The devil’s advocate
Barbet Schroeder’s documentary Terror’s Advocate (L'avocat de le terreur [+see also:
film profile]) enjoyed a grand presentation yesterday evening, with Artistic Director Thierry Frémaux taking the stage before the screening, to welcome the director and two illustrious audience members, Michel Piccoli and Pedro Almodóvar.
Making a comeback to documentaries after Amin Dada (1974), Koko and Charles Bukowski (1982), Schroeder – known above all for films such as Barfly (in competition at Cannes in 1987), Reversal of Fortune and Kiss of Death – once again allows himself to be drawn in by his fascination with the sinister in Terror’s Advocate, entering the life of Jacques Vergès, the French lawyer famous for having defended terrorists such as Magdalena Kopp and Carlos, and true "monsters" of contemporary history such as Klaus Barbie and Pol Pot.
The documentary – made up of a series of interviews with Vergès, the many who know him and have stood by him, and documents, some of which have never before been released – offers a portrait of an adept, passionate, ambitious professional who is simultaneously ambiguous and unscrupulous. "The difference between lawyers and doctors is that we can refuse to defend someone," said Vergès, thus begging the question as to why so many impassioned speeches in defence of those responsible for so many deaths.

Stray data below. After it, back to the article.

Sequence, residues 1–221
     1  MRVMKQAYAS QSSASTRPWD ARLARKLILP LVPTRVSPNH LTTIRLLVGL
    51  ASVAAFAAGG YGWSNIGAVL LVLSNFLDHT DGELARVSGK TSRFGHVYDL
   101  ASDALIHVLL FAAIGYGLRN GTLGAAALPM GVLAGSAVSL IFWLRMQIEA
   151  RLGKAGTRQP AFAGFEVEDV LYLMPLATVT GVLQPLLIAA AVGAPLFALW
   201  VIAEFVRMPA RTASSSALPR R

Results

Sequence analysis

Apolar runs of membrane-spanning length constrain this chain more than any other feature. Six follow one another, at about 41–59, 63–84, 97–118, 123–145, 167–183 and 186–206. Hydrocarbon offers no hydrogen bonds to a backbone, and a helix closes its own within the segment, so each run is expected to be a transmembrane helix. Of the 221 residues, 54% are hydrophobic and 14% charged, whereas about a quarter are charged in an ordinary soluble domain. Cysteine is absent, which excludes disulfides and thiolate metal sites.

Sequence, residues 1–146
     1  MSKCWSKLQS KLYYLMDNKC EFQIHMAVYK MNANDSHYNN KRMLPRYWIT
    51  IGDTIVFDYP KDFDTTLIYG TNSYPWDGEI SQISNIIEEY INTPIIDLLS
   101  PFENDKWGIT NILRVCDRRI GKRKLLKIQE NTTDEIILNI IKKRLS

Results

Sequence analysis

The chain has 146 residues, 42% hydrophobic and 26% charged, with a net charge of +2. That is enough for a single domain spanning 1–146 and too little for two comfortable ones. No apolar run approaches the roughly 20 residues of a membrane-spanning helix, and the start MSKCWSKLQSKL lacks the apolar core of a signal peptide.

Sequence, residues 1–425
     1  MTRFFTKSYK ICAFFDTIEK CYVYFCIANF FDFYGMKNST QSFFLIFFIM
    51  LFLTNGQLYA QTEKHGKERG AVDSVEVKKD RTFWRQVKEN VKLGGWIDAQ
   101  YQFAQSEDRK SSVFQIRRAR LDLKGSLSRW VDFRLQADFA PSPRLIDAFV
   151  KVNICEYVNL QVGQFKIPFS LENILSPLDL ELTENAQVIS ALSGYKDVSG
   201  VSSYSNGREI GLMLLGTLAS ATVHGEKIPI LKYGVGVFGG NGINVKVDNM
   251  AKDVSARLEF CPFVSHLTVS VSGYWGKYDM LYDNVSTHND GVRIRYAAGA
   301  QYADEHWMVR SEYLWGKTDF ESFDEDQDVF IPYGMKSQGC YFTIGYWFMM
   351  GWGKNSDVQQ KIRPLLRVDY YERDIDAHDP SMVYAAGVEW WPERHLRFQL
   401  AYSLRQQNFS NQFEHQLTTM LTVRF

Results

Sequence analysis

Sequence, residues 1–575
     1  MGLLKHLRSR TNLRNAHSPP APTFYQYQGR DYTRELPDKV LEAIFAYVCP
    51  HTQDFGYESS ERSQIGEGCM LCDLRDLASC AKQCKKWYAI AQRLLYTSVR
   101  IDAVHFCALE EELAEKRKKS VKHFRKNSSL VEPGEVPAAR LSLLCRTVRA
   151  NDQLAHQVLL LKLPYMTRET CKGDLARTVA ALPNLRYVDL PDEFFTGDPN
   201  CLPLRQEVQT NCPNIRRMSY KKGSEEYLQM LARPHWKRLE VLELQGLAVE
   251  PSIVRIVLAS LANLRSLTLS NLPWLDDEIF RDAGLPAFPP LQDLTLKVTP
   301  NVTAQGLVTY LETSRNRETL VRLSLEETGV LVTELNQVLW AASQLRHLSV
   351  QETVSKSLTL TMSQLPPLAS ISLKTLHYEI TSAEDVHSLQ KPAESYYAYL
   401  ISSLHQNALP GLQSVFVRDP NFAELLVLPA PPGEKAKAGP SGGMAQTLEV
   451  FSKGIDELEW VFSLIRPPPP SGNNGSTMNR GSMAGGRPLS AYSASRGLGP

Someone has to the do the "dirty work", yet from those skilfully edited images that also reconstruct a piece of European history there emerge many questions and the suspicion of a series of personal involvements, ambiguities and compromises that have little to do with codes of ethics. What remains is the elusive seductiveness of an enigmatic man who left France in 1956 to fight colonialism in the war in Algeria to then disappear into the folds of terror.
Shot on a €1.36m budget (with advances on receipts and pre-sales from Canal +), the film was produced by Yalla Films and Wild Bunch, with the participation of the CNC. It is being distributed domestically by Les Films du Losange and sold internationally on the Croisette by Wild Bunch.
(Translated from Italian)
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